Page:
Last April, we previewed the Boston Red Sox’s 2015 season by focusing on the franchise’s wild ups and downs in recent years. Although they posted only 71 wins in 2014, advanced-stats outlets such as FanGraphs projected Boston to win 90 games, which would have been a 19-win increase — and would have come on the heels of a 26-win decrease, after a 28-win increase, after a 21-win decrease. Boston was shaping up to be on MLB’s craziest roller-coaster ride ever.
It didn’t quite work out that way. The Red Sox spent most of 2015 playing just as poorly as they had in 2014, finishing with 78 wins only thanks to a strong push in the season’s final two months, and the fallout was a total front-office shake-up. But more than one-third of the way into the 2016 season, the Red Sox appear to have made the leap that was expected of them a year ago: They have a 34-25 record, are only two games out of first in the American League East, and have a full-season FanGraphs projection of 90 wins. If that last number holds up, Boston’s past five years will once again represent the most up-and-down stretch in modern MLB history:
|WIN DIFF. IN NO. OF SEASONS EARLIER|
|SEASON||TEAM||WINS||1||2||3||4||5||AVG. ABSOLUTE Δ|
What has changed for Boston since the past two disappointing seasons? Mainly, they’re getting better performances from the lineup. The Red Sox were pretty much a dead-average hitting and fielding team a year ago, which added up to a mediocre record when combined with an unspectacular pitching staff. But this year, no team in the majors — not even the vaunted Chicago Cubs — has gotten more wins above replacement from its position players than Boston, a development headlined by drastic improvements from Xander Bogaerts, Jackie Bradley Jr. and Mookie Betts, a bounce-back season from Dustin Pedroia and the general agelessness of David Ortiz.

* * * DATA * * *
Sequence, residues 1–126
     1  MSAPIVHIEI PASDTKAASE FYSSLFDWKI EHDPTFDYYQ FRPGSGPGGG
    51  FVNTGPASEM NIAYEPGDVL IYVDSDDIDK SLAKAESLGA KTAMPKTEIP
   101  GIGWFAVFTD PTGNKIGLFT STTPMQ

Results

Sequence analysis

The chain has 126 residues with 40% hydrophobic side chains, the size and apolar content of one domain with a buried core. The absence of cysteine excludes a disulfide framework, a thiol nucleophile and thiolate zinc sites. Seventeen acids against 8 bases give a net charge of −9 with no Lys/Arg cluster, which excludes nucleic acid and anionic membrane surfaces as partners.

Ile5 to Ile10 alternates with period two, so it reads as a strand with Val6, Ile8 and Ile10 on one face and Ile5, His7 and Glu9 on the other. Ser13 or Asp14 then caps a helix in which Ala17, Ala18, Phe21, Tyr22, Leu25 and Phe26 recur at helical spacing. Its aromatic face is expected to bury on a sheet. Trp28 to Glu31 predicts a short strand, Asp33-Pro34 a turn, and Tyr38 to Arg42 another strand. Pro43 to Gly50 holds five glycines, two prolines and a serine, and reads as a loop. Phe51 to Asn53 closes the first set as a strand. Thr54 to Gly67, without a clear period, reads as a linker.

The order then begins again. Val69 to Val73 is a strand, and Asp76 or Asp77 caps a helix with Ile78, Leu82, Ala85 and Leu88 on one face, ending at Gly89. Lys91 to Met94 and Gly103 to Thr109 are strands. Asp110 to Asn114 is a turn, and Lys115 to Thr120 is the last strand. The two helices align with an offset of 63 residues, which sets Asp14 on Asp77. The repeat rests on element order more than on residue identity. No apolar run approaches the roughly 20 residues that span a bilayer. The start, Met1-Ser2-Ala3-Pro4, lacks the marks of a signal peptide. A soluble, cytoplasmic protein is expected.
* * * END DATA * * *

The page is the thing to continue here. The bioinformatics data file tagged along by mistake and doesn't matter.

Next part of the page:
The Red Sox will probably still spend the summer in a division dogfight with the Baltimore Orioles and Toronto Blue Jays; our power ratings say they’re basically a coin flip (48 percent) to win the East. But even that represents an improvement over the past two seasons and could provide more twists in the roller-coaster track the franchise has been riding. Things are never dull when it comes to baseball in Boston.